Conception 2 is an odd game, but more importantly it’s one that doesn’t make good use of its oddness. It is a game focused almost entirely upon sex and risqué themes but it uses that subject matter for nothing more than titillation with no real sense of meaning or message behind it. That is perhaps its greatest (though far from only) flaw and regardless of how you feel about the things Conception 2 is portraying, that lack of sincerity keeps it from being anything more than the video game version of a Russ Meyer flick. For some people that won’t be an issue and regardless of its flaws, they’ll pick it up for the racy content on display; however if you’re looking for a game that uses sensitive subject matter to evoke actual discussion and reflection (or are even looking for just a decent JRPG), then Conception 2: Children of the Seven Stars will not be for you.
So just a paragraph ago I compared this game to a Russ Meyer film and the more I think about it, the more apt that comparison seems. You see Russ Meyer’s whole deal was basically to make porn but still have it shown in regular theaters and he accomplished this by building a narrative around the sex to act as facade, often using strong but sarcastic moral overtones. Conception 2 works very similarly in that its plot also feels like a smokescreen meant only to soften its racier elements; it even does the fake moralistic thing (though with less biting sarcasm) in that the main antagonistic force is literally the biblical seven sins. To quickly run down the premise: you are a recent transfer to a special academy for teens who have received the Star God’s mark, which allows them to fight the monsters that have been plaguing their world. Almost immediately though you are revealed to be more than the average student, tests show that you put out an incredible amount of “ether” which means you are the prophesized “God’s Gift” and are able to not only fight the monsters but are also free to go into the “Dusk Circles” that they spawn from and cut off them off at the source. However there is a secondary benefit to being God’s Gift, your unusually high ether count means you are especially…potent, which makes it so you’re able to easily create “Star Children” through the game’s incredibly unsubtle intercourse analog, “classmating“. That being the case, the academy (that’s also somewhat eerily a church) sets you up with a harem of creepily willing young women with which to breed. From there you must improve your bonds with your many partners so that you can raise a small army of Star Children to help you sterilize the Dusk Circles and save the world.
Before we analyze the way Conception 2 handles its risqué subject matter and discuss whether it helps or hinders the game, let’s talk about the quality of the actual writing. In terms of the plot and story, things are thin and convoluted; there’s pretty much no introduction to the world and they never really give you a reason to want to care about its fate. It has a complex mythology but none of it seems to have any purpose beyond simply justifying the game’s tawdrier elements. One thing that’s done right though is the dialog which can be genuinely funny at times. The localization team clearly knew what kind of game this was and they had some fun with it by throwing in lines that, while questionably tasteful, got a chuckle out of me; it may be crude and a little sexist but I find this game’s use of the term “tig ole bitties” really funny. The only issue I had with the dialog is that there’s not a ton of choice given when you’re talking to people. Whenever someone asks you something, the game provides you with three answers to pick from and quite often I found that none of those choices appealed to me as they all basically said the same thing; you generally get a nice positive response, a sleazy positive response, and a mean/brusque response that looked negative but generally had the same effect as the first two choices. Some proper player agency would have gone a long way here but then again I suppose deep choices and a complex well thought out narrative aren’t what people are coming to this game for, they’re coming to live out a male power fantasy.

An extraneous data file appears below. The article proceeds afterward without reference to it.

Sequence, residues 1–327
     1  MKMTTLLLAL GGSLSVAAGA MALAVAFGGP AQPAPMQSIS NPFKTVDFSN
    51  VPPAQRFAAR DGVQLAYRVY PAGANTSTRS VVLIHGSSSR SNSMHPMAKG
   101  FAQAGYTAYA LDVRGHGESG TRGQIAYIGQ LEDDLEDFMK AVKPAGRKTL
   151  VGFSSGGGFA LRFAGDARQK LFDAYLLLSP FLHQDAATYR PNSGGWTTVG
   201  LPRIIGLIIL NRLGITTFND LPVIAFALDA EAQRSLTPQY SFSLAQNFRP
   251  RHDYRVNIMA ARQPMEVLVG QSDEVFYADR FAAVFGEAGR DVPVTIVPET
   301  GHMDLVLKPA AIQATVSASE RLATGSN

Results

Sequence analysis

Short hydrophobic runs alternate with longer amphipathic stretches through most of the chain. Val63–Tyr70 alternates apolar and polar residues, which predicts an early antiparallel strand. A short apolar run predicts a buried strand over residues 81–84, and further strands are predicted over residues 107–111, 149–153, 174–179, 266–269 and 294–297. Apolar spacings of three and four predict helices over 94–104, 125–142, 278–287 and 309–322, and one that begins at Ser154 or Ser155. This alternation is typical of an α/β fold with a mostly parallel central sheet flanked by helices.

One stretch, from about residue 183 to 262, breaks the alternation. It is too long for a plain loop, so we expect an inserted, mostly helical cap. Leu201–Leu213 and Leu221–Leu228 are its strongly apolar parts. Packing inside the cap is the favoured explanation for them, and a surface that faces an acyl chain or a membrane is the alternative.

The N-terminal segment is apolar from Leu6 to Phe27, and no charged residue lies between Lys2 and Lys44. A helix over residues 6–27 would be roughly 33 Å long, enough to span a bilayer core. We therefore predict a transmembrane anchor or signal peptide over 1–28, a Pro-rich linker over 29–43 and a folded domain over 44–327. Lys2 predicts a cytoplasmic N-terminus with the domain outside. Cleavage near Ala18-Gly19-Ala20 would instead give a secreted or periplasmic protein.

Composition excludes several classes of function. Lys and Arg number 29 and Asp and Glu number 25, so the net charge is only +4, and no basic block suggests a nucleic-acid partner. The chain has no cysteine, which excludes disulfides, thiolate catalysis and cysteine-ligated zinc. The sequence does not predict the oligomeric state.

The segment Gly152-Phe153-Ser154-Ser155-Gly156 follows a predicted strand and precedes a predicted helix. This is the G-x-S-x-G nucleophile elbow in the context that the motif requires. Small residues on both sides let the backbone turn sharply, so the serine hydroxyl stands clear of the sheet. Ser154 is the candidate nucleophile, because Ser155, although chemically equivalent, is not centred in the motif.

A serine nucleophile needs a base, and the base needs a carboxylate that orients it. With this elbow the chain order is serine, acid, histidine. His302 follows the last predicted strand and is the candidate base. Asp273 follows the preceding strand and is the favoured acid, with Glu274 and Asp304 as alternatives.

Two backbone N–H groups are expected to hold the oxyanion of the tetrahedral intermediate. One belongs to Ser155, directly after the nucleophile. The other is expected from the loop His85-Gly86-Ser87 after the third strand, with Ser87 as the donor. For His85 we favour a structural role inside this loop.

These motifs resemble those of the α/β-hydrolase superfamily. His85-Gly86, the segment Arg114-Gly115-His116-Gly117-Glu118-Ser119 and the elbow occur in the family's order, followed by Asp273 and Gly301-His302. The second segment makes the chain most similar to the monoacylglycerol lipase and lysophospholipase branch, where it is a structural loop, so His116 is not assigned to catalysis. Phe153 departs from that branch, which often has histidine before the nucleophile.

On that note, let’s move back to the subject of the game’s racier elements and talk about how it uses sexuality in its story. Now let me make clear that I fully believe sex has a place in games, as it does in any art form, but its inclusion needs to be justified. In the right context, a game covering the same topics that Conception 2 does could act as a poignant discussion piece regarding sexuality in modern society and the struggles and stigmatization that exist around teen pregnancy. Instead this game attempts no more than mere exploitation. It’s a fantasy where your character is not only declared inherently better than everyone else but as a result is then given a number of willing and servile women, many of which the game establishes as being the most popular and or beautiful in the school; it reads like fan fiction written by a sexually frustrated sixteen year old boy. The creepiest part by far though is how they subtly make the main character dominant over each of these women, even the ones whose core character traits involve them being strong-willed or powerful in their own right. It gets to the point that one of the girls, who is established as an experienced soldier with tons more combat training than your character will ever have, decides to start calling you sir and adamantly seeks to serve you in anyway possible. Admittedly she’s doing this because you helped save her village but I still found her immediate submissiveness immensely unsettling. I may be over-reacting a little bit and reading into things a bit too much but the whole game felt very psychologically unhealthy in my mind and the unspoken demeaning aspect of things unnerved me to a fair degree.